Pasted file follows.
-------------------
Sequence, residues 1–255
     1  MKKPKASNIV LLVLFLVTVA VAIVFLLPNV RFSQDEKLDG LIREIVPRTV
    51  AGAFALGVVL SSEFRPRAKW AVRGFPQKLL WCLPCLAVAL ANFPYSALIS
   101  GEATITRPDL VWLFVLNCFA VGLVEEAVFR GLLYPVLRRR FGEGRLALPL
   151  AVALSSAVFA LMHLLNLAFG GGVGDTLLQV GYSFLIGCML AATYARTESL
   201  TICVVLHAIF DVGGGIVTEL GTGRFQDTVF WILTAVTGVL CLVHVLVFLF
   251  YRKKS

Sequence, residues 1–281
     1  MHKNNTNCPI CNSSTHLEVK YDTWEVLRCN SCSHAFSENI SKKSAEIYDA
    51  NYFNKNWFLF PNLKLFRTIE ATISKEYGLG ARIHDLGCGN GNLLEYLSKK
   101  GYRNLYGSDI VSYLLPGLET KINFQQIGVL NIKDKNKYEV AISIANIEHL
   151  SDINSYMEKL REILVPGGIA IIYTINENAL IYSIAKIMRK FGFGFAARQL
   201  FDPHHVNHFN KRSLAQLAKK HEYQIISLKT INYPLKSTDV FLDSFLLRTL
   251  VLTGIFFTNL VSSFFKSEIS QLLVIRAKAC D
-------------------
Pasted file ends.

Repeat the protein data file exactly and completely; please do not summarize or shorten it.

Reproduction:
Sequence, residues 1–255
     1  MKKPKASNIV LLVLFLVTVA VAIVFLLPNV RFSQDEKLDG LIREIVPRTV
    51  AGAFALGVVL SSEFRPRAKW AVRGFPQKLL WCLPCLAVAL ANFPYSALIS
   101  GEATITRPDL VWLFVLNCFA VGLVEEAVFR GLLYPVLRRR FGEGRLALPL
   151  AVALSSAVFA LMHLLNLAFG GGVGDTLLQV GYSFLIGCML AATYARTESL
   201  TICVVLHAIF DVGGGIVTEL GTGRFQDTVF WILTAVTGVL CLVHVLVFLF
   251  YRKKS

Sequence, residues 1–281
     1  MHKNNTNCPI CNSSTHLEVK YDTWEVLRCN SCSHAFSENI SKKSAEIYDA
    51  NYFNKNWFLF PNLKLFRTIE ATISKEYGLG ARIHDLGCGN GNLLEYLSKK
   101  GYRNLYGSDI VSYLLPGLET KINFQQIGVL NIKDKNKYEV AISIANIEHL
   151  SDINSYMEKL REILVPGGIA IIYTINENAL IYSIAKIMRK FGFGFAARQL
   201  FDPHHVNHFN KRSLAQLAKK HEYQIISLKT INYPLKSTDV FLDSFLLRTL
   251  VLTGIFFTNL VSSFFKSEIS QLLVIRAKAC D